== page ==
fbq('track', 'ViewContent');

Seashore Week!

Since we have 19 days left of school, I have officially declared next week Seashore Week!  

No, we're not going to the seashore, I'm just trying to think of fun ways to get them working and learning these last few weeks.  

Here's what we're going to do during Seashore Week:

1. Literature! First of all, there will be plenty of literature!  Here are some books I've found with a seashore or beach theme: (Click the image for a link to Amazon to find more about the book!                       

I have a feeling I'll find more great books as I go through my classroom library as well as my school library.  I like to read several examples of fiction as well as nonfiction to give the children a real feel for what we're studying. 

2. Music and Sounds! Next, to set the mood: (Click image!)

Here is a Youtube video of ocean waves and sounds: very peaceful! Great background sounds!

Or try this one! I'll be playing this one when they're painting or creating!

2. Writing! After all this seashore learning, We're going to have to do some writing!  I made up some paper with a seashore theme (see image at top of page!)  For this freebie, click HERE.

4. Beach Towels! Of course, I really have to get the kids into the feel of the ocean.  I'll be inviting them to bring beach towels next week.  My plan is to let them take out their towels during Independent Reading time.  I'll play my ocean sound CD, and they can pretend to do my very favorite summer activity... reading at the beach!

5. Beach Themed Centers!  Here's my Seashore Theme Unit Literacy and Math Centers: click the image for the link!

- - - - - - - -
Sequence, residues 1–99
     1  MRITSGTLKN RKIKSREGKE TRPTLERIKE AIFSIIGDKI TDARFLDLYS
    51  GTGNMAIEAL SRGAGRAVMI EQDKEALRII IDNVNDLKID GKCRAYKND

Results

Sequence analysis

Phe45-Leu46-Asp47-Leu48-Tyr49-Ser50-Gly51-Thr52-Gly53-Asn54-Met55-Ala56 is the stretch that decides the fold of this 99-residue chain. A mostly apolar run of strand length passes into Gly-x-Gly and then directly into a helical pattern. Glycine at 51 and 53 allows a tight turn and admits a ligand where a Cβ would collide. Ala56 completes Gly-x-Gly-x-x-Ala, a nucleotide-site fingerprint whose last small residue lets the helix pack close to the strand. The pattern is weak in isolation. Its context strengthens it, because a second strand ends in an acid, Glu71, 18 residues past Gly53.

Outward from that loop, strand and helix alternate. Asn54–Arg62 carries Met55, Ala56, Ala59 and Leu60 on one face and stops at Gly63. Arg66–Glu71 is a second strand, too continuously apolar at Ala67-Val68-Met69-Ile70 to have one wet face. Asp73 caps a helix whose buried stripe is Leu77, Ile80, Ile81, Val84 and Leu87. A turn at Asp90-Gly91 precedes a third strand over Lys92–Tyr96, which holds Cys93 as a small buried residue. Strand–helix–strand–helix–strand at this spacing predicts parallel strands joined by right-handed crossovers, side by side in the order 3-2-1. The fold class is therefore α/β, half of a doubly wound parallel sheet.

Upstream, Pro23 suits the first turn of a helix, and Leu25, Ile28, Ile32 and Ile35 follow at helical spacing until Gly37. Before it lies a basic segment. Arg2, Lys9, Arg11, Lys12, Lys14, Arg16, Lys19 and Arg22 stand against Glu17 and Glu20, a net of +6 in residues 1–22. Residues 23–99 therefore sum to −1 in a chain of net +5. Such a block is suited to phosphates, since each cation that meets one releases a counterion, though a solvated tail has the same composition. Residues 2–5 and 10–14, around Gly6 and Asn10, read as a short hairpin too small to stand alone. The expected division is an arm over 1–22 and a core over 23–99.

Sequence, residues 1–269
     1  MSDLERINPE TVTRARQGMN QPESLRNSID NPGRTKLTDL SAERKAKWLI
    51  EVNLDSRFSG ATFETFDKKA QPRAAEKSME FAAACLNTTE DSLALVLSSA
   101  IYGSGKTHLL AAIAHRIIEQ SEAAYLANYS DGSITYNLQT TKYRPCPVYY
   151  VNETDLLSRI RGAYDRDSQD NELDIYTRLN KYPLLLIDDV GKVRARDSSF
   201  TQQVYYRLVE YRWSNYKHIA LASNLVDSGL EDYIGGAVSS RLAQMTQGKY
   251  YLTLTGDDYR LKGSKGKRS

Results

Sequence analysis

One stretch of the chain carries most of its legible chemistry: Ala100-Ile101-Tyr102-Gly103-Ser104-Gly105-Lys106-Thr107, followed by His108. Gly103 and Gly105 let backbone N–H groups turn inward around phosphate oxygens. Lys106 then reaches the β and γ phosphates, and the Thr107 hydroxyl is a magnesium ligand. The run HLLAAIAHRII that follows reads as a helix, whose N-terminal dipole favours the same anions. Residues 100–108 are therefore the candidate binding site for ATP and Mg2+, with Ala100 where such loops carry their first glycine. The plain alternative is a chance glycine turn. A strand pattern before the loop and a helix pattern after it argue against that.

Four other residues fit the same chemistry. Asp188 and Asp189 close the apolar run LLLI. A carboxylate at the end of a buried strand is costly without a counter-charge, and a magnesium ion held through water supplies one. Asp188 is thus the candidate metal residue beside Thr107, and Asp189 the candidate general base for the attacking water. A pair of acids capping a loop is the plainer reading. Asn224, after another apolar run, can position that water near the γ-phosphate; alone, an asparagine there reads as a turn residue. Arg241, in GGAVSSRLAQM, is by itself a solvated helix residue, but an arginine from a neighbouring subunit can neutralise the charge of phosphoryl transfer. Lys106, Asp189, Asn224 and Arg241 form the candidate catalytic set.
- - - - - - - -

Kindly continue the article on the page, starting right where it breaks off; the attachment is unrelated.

What ideas do you have for Seashore Week?  I'd love to hear your ideas!

Three Years and Counting - Many Thanks!

Three years ago today I had a stroke.  It wasn't a crippling stroke, but it certainly changed my life, in many ways.

The stroke happened in the right side of my brain, and it affected the muscles on the left side of my body.  Some of the muscles have stopped working completely.  Some just don't work as well.  Most of my left side is super sensitive and tingles all day and night.  You know that "my leg fell asleep" feeling?  That's what I have on most of my left side all the time.

I need a whole lot more sleep than I used to.  I lose my balance a lot.  I  cringe if people touch my left side.  (It's hard not to scream sometimes!)  I need help opening bottles and jars.  I can't lift heavy objects or climb ladders.  I have a lot of trouble at the drive through.  I can walk easily on flat surfaces (like hallways), but struggle on uneven surfaces (like grass).

It has definitely changed my life.  Several doors have closed for me, especially as far as my hobbies go.  I used to tap dance.  That's over, as is skiing and hiking, or even walking outside.  Working out at the gym is still possible, but is done quite differently now, and far less frequently!

But there are good things about having had a stroke. Since I spend so much more time sitting now, I started a blog! Blogging has definitely been a very positive thing in my life.  I've met some wonderful teacher blogger friends, shared loads of great ideas, and improved my teaching through blogging.  For that I am forever grateful.

So I have reason to celebrate.  And I want to share my celebration with you.  How?

With a 2 for 1 sale on my Teachers Pay Teachers store!

Here's how it works:  Buy something from my Teachers pay Teachers store.  Email me at elementarymatters@gmail.com with the subject line Two for One.  Tell me what you bought, and what item you'd like for free.  (Of same or less value as purchased item.)  I'll email you the free product.

This offer is only good through June 3 of this year.

Thanks for being there and making blogging worthwhile for me.

We're in the Money!